It has been a strange spring where I live, here in Southeastern Pennsylvania. One day, it might be 85 degrees, the next, 51. Or, we might have drought-like conditions for a time, only to be deluged with 5 straight days of cloudy skies and rain. Or at times, just the threat of rain will be enough to dampen spirits and cancel plans.

I was talking to a guy who was at our house making a service call, and, as invariably happens with people who cross our paths, talk turned to the recent weather. At the time, the past few days had been “perfect” early summer days. Mild temperatures, brilliant sunshine, no humidity.  Truly a gift. I couldn’t help but delight in the clear blue skies and sunshine, and in the glory of being outside. I even mentioned that the recent rains were a bit much for me. And he responded, “Sometimes, we need the rain.”

It was such a simple statement, and it caught me off guard.

Sometimes we do need the rain. The gift of water, of roots saturated with hope, and of the sound of raindrops on the thirsty leaves of the trees can bring an awareness of the beauty of growth and abundance. The grass grows like crazy, almost out of control. Birds and squirrels find so many sources of water, and are satisfied.

I wake this morning to heavy fog, with dew dripping off of every leaf and branch in the yard. It reminds me of a day on the beach a few years ago, the one beach day that fit into our crazy summer schedule that year. We were going to the beach, no matter what the weather. The “partly cloudy” skies at home, a couple of hours drive from the beach, did not hint at the fact that the sandy shore was socked in by a deep, heavy fog.  As we unloaded the car at the shore, we kept saying to each other, “It’ll burn off in no time.”

I’m sure you can guess the outcome of the weather that day. Not great. And yet… with a slight shift in awareness and perspective, the day became grace-filled. I sat on the sand and looked out at the very still water of the ocean, but I couldn’t see very far. At times, I could hear the low horn from a boat in the distance. Or maybe the horn came from the lighthouse; I couldn’t really be sure. I couldn’t even tell where the fog began. And yet… I listened to the invitation of God, and closed my eyes, I could feel the moisture on my skin from being inside this cloud that sits on the earth. Focusing in on this feeling shifted my awareness.

It’s like a verse that I love from the book of Sirach: “I came forth from the mouth of the Most High and covered the earth like a mist.”  It is the turn to this awareness, the awareness of the Holy Spirit blessing us with grace, and the faith that grace is touching us even when we can not see it or feel it, that allows us to open our hearts even more to the possibility of grace.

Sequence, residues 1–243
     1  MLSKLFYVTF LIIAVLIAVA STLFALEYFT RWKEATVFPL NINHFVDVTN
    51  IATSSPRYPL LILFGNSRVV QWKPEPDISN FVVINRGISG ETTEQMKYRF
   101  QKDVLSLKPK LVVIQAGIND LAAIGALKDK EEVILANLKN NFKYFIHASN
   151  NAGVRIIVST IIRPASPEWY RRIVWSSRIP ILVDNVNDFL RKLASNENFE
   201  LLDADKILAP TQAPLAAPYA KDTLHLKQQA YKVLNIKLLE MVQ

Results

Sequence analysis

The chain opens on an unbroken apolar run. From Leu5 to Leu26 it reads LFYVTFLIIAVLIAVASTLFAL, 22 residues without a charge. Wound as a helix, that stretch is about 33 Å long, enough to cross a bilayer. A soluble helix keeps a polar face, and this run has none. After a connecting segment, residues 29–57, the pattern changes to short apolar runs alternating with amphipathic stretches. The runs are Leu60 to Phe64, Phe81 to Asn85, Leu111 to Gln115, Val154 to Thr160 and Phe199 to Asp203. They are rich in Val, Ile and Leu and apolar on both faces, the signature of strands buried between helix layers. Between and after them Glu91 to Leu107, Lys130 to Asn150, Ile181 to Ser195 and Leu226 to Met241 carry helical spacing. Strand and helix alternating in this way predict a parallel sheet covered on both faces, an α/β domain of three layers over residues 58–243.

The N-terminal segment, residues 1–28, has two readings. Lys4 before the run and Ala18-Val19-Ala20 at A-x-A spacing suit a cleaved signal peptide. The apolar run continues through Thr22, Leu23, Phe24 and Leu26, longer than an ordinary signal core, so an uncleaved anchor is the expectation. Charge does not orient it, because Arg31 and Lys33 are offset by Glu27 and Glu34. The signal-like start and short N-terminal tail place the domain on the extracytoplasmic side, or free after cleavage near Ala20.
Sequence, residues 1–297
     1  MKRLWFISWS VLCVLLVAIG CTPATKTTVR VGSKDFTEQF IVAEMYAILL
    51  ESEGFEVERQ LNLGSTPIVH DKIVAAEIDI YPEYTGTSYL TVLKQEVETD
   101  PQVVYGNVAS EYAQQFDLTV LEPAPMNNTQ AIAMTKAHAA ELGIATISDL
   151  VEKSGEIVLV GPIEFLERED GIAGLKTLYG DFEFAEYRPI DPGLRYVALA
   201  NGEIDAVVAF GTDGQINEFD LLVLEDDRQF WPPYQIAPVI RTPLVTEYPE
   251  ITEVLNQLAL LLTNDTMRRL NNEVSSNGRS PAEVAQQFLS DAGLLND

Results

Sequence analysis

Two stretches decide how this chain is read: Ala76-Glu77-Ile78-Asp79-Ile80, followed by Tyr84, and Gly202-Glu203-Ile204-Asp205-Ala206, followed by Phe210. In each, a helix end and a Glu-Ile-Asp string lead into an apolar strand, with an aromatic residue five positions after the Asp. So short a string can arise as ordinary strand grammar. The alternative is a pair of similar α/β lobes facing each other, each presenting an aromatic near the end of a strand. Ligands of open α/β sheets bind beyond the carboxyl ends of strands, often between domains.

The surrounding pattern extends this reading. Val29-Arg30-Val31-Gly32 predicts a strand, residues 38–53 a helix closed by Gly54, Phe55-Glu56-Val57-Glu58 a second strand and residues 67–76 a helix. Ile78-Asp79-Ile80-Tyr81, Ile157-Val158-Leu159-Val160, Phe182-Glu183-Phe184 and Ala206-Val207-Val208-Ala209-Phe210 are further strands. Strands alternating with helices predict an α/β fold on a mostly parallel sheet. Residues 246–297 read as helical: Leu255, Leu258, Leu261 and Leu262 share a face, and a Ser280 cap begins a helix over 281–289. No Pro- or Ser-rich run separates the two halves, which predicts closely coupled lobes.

Sometimes, we need the rain. And sometimes, we need to change our perspective in order to find the gifts in a difficult situation. God is always inviting us to this, whether it be in deciding to leave a job after a long discernment, in the death of a loved one, in the hurt of a pained and difficult relationship.

When the time for silence comes, I ask you to take up your position for prayer, and then, having asked the help of the Holy Spirit, to be content and wait patiently, expectantly, lovingly, longingly. Try to realize that this all you can do for yourself. God must do the rest. See yourself as the parched ground looking upwards waiting patiently for the rain to fall. You can only wait.

– Fr Roger Schultz of Taize

Lord, send my roots rain.

seeking water

Today the first reading is from Isaiah chapter 41:

“When the poor and needy seek water,
and there is none,
and their tongue is parched with thirst,
I the Lord will answer them,
I the Lord of Israel will not forsake them.
I will open rivers on the bare heights,
and fountains in the midst of valleys;
I will make the wilderness a pool of water,
and the dry land springs of water.”

Water is such a powerful spiritual image. The story of the Samaritan woman at the well in the gospel of John, the image of a tiered fountain overflowing in the writings of spiritual masters like Origen and St Teresa of Avila, or even the image of God being as vast as the sea. What is it about water that connects us to God?

I remember once, sitting on the beach at Lake Michigan. We had rented a little cottage within walking distance to the beach, and every morning I would take my bible and go walk in the sand. Eventually, I’d find a spot to sit, and I would read some scripture passage, let it soak into my mind, and pray. I remember one particular morning filled with grace. The wind was completely still, and I sat looking at the water, the early morning sun warming my back. I was able to set my bible down in the sand, open to the passage, without the pages blowing or ruffling in the least. My gaze would rest momentarily on the early morning fishermen on the water, the gulls so far off, hovering above the still water, or the tiny grains of sand that surrounded my feet. When my eyes returned to the scripture, my bible was still open to the same page.

That day on the beach, my thirst for God was quenched. I found God in the grains of sand, in God’s creatures, in the simple act of contemplating a passage of scripture. I’d like to say that God showed up for me that day. But I think the opposite is true. I showed up for God, who is always present. I showed up, waiting, a receptacle for the grace. And God filled me with awareness, peace, and a thirst for more.